When I was just a little girl
I asked my mother what will I be.
Will I be pretty? Will I be rich?
Here's what she said to me:
Que sera, sera.
Whatever will be, will be.
The future is not ours to see.
Que sera, sera.
What will be, will be.
Que Sera, Sera,
Lyrics written by Jay Livingston and Ray Evans, 1956
Sung by Connie Francis
In 1969 John Brunner wrote the novel 'Stand on Zanzibar'. It is set in the year 2010 in the U.S. under the administration of President Obomi amidst a chaotic and dystopian society: terrorist threats and attacks are an everyday occurrence and violence in schools is old news. The city Detroit is akin to a ghost town.
The fact that the novel was written in 1969 and so accurately predicted the future seems to support the fact that the future is already predetermined - that despite all the choices we still have to make the future - our future - is already fixed.
During a test in a women's magazine where you had to draw or write down the answers with your other hand i.e. the hand you normally wouldn't use for writing and drawing, I wrote down the name of the town I would be living in one year later. The problem was that at the time I wasn't thinking about moving and I didn't understand my own answer.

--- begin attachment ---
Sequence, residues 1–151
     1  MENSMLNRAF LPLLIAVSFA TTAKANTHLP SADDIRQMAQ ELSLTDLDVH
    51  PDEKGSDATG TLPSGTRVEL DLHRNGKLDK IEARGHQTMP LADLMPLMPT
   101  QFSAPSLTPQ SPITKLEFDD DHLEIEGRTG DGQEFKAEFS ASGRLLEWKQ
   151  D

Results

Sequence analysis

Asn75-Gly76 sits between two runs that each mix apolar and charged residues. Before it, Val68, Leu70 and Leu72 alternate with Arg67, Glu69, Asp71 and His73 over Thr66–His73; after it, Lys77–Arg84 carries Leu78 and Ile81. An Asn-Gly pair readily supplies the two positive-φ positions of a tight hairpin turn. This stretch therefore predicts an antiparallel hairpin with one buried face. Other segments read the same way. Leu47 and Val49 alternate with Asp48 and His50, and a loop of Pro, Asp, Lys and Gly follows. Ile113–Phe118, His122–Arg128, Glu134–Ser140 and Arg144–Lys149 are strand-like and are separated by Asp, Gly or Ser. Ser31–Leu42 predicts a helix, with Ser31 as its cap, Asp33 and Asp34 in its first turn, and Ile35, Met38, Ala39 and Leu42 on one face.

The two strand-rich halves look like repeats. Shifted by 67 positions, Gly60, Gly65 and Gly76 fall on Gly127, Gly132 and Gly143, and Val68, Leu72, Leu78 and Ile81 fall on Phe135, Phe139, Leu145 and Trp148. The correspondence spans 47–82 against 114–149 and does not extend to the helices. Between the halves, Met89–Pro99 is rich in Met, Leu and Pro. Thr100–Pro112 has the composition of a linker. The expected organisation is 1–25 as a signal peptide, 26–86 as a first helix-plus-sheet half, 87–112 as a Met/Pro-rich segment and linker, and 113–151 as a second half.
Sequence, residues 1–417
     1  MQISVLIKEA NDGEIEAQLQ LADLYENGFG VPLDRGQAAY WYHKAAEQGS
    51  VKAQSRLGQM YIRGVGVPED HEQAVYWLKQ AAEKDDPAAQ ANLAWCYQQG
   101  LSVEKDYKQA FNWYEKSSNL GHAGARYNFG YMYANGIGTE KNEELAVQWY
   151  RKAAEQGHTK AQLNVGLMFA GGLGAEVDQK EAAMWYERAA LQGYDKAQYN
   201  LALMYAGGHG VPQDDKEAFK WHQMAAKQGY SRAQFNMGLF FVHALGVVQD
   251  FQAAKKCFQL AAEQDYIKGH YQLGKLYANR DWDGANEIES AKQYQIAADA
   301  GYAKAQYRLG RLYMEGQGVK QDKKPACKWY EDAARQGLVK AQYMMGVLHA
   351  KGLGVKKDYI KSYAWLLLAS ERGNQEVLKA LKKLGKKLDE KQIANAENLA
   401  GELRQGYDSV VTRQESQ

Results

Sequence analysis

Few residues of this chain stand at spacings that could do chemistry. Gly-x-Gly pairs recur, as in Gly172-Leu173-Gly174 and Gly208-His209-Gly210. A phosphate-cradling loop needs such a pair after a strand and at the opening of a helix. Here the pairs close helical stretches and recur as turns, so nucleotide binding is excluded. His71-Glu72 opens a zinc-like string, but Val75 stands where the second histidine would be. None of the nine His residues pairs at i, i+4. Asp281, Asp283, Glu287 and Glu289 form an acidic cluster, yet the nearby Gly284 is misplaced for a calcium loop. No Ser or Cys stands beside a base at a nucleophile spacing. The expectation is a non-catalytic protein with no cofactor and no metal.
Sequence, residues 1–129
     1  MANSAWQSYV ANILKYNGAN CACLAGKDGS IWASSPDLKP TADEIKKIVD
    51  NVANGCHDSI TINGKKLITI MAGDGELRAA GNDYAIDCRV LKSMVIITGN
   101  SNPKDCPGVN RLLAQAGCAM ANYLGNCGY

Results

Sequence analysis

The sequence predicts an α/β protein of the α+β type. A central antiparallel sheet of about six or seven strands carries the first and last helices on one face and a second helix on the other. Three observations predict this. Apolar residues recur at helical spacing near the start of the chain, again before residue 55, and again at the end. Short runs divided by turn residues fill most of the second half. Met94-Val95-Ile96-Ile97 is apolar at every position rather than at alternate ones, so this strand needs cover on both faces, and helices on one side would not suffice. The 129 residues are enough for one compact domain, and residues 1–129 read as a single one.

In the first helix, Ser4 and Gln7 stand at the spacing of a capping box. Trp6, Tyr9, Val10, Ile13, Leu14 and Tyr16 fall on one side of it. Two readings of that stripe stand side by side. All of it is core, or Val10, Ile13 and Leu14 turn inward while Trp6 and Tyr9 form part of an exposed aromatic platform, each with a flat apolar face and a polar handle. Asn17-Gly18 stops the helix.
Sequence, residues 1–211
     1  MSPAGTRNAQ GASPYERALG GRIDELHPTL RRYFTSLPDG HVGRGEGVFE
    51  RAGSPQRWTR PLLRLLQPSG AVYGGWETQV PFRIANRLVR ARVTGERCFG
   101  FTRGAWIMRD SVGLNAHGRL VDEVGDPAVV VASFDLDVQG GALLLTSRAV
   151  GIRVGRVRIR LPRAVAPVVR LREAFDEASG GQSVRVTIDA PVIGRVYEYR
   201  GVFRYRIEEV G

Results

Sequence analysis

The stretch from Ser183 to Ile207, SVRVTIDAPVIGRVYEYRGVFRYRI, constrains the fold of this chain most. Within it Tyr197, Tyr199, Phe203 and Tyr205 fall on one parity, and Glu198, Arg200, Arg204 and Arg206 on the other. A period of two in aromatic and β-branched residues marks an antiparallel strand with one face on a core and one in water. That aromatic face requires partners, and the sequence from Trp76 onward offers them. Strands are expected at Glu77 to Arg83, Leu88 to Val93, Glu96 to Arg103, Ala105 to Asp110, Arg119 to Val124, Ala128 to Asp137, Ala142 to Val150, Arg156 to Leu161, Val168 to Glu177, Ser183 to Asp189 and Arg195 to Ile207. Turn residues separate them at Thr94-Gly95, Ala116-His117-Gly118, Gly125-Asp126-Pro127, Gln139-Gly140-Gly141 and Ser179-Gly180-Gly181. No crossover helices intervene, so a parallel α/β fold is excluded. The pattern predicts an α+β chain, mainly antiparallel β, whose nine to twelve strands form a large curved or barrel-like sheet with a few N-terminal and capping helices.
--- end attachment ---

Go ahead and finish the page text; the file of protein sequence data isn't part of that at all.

The predictions of the famous French astrologer and physician Nostradamus suffer a similar fate. We have no idea how to interpret his predictions. Even after events have occurred we still have no clue.
The future simply isn't ours to see and that is a good thing. If I had known 10 years ago what lay ahead of me I don't think I could have coped. I would have been far too scared of the bad and far too optimistic about the good.
But not-knowing what the future will bring, doesn't mean that the future is yet to be determined or that we have no means of getting glimpses of what is yet to come.